Heart failure is a risk factor for incident driving cessation among community-dwelling older adults: findings from a prospective population study.
ABSTRACT Heart failure (HF) patients often depend on driving for access to specialty care. We analyzed a public-use copy of the Cardiovascular Health Study (CHS) data to determine if HF is a risk factor for driving cessation and to identify other risk factors for driving cessation among those with HF.
Of the 5,383 community-dwelling drivers aged ≥65 years (mean age 73 years, 55% women, 13% African American), 839 had HF: 246 had baseline prevalent HF and 593 developed incident HF before driving cessation during 9 years of follow-up. Incident driving cessation occurred at rates of 3,980 and 3,709 per 10,000 person-years of follow-up for those with and without HF, respectively (unadjusted hazard ratio [HR] associated with HF as a time-varying variable: 2.13, 95% confidence interval [CI] 1.83-2.47; P < .001). This association remained unchanged after multivariable risk adjustment (HR 1.43, 95% CI 1.21-1.68; P < .001). Among the 839 older drivers with HF, independent predictors for incident driving cessation were age ≥75 years (HR 1.99, 95% CI 1.44-2.73; P < .001), female gender (HR 1.93, 95% CI 1.37-2.74; P < .001), difficulty walking half a mile (HR 1.47 (1.04-2.08); P = .028), vision problems (HR 1.47, 95% CI 1.07-2.02; P = .018), and stroke as a time-varying covariate (HR 1.96, 95% CI 1.38-2.79; P < .001).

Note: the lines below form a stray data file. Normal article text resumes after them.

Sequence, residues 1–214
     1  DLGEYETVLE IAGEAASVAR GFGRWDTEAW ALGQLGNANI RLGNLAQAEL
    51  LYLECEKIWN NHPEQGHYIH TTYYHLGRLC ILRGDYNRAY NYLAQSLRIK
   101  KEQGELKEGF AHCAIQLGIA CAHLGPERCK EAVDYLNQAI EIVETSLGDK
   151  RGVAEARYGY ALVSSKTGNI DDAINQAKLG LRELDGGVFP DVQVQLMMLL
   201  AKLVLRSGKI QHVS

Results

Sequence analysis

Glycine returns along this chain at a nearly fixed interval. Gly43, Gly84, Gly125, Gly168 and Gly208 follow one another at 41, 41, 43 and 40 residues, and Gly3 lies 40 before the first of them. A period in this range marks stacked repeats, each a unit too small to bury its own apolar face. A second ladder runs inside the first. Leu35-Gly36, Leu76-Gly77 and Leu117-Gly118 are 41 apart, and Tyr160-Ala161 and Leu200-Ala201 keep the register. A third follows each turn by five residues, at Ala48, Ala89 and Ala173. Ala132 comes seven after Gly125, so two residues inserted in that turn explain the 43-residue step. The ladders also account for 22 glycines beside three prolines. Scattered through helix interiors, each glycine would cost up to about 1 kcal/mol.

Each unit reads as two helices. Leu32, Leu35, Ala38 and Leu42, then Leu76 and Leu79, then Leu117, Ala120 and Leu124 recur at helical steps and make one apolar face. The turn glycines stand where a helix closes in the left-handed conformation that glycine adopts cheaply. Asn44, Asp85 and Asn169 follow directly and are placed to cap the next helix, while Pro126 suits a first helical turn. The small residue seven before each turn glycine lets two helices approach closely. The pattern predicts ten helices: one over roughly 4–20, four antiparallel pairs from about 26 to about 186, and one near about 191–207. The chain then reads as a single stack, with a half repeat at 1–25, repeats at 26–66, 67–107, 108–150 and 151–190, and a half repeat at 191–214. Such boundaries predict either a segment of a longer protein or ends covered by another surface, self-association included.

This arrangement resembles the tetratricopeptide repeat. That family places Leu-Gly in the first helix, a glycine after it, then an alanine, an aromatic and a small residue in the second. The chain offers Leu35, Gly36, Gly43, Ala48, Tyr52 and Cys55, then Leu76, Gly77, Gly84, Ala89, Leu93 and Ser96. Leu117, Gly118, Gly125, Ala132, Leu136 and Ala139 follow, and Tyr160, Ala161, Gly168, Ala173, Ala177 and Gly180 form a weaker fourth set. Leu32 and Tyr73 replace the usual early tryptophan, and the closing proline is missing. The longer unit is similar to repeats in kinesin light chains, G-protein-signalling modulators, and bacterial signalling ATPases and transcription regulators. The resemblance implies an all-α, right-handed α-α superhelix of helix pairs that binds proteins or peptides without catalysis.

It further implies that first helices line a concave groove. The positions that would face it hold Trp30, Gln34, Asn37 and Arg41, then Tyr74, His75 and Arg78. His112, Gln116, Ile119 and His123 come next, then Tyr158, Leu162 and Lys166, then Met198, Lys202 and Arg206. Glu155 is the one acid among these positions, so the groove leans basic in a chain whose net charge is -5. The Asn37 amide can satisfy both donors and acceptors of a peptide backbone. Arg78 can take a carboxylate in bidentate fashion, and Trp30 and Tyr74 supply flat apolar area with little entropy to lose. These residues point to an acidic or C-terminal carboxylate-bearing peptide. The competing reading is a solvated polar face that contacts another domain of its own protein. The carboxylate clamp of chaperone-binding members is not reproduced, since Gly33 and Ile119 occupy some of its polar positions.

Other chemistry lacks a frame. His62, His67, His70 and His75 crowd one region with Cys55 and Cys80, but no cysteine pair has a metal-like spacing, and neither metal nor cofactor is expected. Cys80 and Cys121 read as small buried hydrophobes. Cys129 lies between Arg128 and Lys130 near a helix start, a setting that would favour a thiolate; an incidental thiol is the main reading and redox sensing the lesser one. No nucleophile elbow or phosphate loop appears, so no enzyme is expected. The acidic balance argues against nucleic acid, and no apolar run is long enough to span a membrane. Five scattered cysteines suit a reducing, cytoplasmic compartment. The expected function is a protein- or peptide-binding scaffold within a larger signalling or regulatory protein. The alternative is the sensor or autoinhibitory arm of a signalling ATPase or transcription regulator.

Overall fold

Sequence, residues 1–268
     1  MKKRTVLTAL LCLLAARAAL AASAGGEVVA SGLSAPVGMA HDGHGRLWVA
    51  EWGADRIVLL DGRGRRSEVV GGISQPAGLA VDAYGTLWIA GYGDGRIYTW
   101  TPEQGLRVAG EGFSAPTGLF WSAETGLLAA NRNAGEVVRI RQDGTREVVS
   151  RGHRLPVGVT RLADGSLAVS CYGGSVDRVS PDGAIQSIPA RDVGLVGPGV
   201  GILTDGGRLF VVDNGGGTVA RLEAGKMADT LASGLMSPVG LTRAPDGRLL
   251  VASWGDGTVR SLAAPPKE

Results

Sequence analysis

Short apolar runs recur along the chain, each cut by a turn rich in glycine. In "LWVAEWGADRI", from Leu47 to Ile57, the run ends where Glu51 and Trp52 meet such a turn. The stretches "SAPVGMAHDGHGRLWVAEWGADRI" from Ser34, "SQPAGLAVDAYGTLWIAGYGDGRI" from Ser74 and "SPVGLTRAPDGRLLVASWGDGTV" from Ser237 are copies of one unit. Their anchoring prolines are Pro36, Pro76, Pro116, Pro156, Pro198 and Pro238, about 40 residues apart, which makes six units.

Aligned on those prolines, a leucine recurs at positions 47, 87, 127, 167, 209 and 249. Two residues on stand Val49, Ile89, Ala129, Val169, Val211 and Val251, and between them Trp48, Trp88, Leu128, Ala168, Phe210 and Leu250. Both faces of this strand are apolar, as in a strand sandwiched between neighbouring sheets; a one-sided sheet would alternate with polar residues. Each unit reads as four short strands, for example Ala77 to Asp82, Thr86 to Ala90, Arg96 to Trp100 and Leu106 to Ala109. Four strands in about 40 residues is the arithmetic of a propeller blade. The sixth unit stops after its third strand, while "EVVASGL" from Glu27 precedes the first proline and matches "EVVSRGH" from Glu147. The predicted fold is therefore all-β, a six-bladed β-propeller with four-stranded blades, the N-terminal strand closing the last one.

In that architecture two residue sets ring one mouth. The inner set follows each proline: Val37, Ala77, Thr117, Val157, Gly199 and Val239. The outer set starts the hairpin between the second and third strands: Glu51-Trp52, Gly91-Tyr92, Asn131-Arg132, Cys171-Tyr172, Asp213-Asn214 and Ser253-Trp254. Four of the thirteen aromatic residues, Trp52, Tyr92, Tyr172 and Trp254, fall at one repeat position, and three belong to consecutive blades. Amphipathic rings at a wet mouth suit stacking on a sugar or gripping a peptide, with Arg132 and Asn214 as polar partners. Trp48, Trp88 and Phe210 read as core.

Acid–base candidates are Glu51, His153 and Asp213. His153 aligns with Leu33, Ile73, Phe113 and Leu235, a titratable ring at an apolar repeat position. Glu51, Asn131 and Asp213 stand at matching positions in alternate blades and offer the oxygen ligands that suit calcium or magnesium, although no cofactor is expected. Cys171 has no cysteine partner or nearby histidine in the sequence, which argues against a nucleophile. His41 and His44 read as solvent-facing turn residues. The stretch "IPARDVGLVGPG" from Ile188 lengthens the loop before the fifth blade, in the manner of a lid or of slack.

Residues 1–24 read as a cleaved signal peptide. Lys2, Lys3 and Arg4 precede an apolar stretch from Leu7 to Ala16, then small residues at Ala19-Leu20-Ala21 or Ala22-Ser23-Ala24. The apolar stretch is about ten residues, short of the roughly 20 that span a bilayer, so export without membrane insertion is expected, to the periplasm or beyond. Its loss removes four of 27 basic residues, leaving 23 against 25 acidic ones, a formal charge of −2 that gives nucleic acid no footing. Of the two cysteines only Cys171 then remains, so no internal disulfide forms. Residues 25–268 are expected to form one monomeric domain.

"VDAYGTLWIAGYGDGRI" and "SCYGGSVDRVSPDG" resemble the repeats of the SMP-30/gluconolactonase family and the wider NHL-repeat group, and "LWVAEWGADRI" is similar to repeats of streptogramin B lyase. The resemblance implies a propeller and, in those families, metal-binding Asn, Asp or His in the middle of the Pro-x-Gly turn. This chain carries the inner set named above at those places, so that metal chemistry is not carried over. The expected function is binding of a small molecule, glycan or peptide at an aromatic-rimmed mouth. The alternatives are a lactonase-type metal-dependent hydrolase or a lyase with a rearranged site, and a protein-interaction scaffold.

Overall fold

HF is an independent risk factor for incident driving cessation among community-dwelling older drivers. Several patient characteristics predicted driving cessation in older HF patients, which may be targets for interventions to prevent driving cessation among these patients.
Article: DEFEAT heart failure: clinical manifestations, diagnostic assessment, and etiology of geriatric heart failure.[show abstract] [hide abstract]
ABSTRACT: Aging is characterized by heterogeneity, both in health and in disease. Older adults who have heart failure (HF) often have atypical and delayed clinical manifestations and many have diastolic HF. The assessment and management of HF in older adults may be simplified by a 5-step process called DEFEAT HF: (1) establish a clinical Diagnosis of HF; (2) establish an Etiology for HF, preferably in collaboration with a cardiologist; (3) determine Fluid status and achieve euvolemia; (4) determine left ventricular Ejection frAction; and (5) provide evidence-based Therapy.Heart Failure Clinics 11/2007; 3(4):389-402.